We can't help but think this is a carefully constructed political budget, with aims for more drastic changes when the Liberal government looks to secure both the Senate and Lower House in July. The safety of this budget, given 75% of Australians will be unaffected by it, signals that the PM and Co are angling for another 3 years, in order to implement more fundamental changes to Australia's economic landscape in 2017.
The biggest loser in last night's budget is undoubtedly the 4% of "high net worth" superannuation members and those transitioning to retirement. The key issues for concern are:
1) The reduction on annual maximum contribution limits to $25,000
2) The 30% super tax rate to kick in for individuals earning $250k or more (down from $300k)
3) Earnings of transition to retirement income streams will be taxed to kill the incentive to use them to minimise tax.
4) Cap on "free tax" superannuation balances to $1.6M in retirement phase
The key positives out of Super changes were:
1) Retaining the low income tax offset for those earning under $37 000;
2) Extending the superannuation system to all Australians by broadening the tax deductibility of contributions and removing the work test for older Australians;
3) The introduction of a mechanism to carry forward unused caps for five years where an individual has less than $500,000;
We think this is a big opportunity for financial advisers to help their clients adjust to the changes. When you start fiddling with the 30 year Australian bastion that is our Superannuation system, consumers rightfully get a little nervous - even more so when nearing retirement.
WHAT DO OTHERS THINK?
Negative or positive - what do all pundits of key association acting on behalf of advisers and consumers?
On a day when the Reserve Bank of Australia (RBA) has cut our interest rate to a record low, Treasurer Scott Morrison has delivered a solid budget with a coherent narrative.
The Financial Planning Association of Australia (FPA) welcomed fairness measures in the Federal Budget but cited concerns with increased complexity, changes to the “transition to retirement” (TTR) strategy in tonight’s 2016-17 Federal Budget announcement and called on FPA members to carefully consider the effect on clients.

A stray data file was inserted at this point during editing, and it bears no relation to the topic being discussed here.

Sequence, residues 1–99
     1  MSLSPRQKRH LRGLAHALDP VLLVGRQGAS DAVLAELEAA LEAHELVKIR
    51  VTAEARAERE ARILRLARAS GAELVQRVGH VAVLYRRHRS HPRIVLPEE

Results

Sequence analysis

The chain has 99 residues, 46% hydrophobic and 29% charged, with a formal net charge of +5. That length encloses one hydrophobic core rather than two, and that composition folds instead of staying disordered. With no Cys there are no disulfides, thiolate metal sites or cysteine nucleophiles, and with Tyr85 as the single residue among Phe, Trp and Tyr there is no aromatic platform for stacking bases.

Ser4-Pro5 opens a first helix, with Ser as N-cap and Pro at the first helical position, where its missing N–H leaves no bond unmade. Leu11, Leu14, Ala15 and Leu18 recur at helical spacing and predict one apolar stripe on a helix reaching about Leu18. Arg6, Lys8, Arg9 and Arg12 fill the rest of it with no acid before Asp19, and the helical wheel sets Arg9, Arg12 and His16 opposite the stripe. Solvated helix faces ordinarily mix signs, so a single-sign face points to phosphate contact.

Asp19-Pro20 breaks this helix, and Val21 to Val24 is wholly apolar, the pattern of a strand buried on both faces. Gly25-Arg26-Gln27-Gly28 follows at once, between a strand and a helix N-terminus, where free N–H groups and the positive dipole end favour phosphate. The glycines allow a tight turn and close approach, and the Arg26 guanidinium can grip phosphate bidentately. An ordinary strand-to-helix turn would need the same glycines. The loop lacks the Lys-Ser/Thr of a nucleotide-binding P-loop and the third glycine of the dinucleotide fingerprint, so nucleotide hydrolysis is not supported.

SMSF Association CEO/Managing Director Andrea Slattery says this decision, when coupled with other flawed measures in the Budget, will send shock waves through an SMSF sector that was hoping the broad parameters of the system had been settled.
The Association of Financial Advisers (AFA) believes measures announced in the Federal Budget this evening will benefit small businesses, which represent the engine room of the Australian economy.
AFA CEO Brad Fox said the Government needs to create a paradigm shift by setting a new vision that can inspire the country beyond the post-mining boom era and while it will take time to see if the Budget is enough to create that paradigm shift, it is a step in the right direction.
Overall we are cautiously positive about the many superannuation changes in this year’s budget. On the one hand some changes repair past mistakes, while on the other hand some new proposals, if not legislated with great care, could create a suite of new problems.
The Financial Services Council (FSC) notes the proposed budget changes to superannuation are designed to improve retirement outcomes for all Australians.
COTA Australia Chief Executive Ian Yates said he welcomed the initiatives which put superannuation back on the path for which it was originally intended and ensured women and low income workers had more opportunities to save for their retirement.
Unfortunately, aged care is still a rationed system which means people who have been assessed and approved as eligible for care don't get it because of the rationing.
"This means thousands of older people still languish on long aged care waiting lists or may have to move to inappropriate care or care far from loved ones.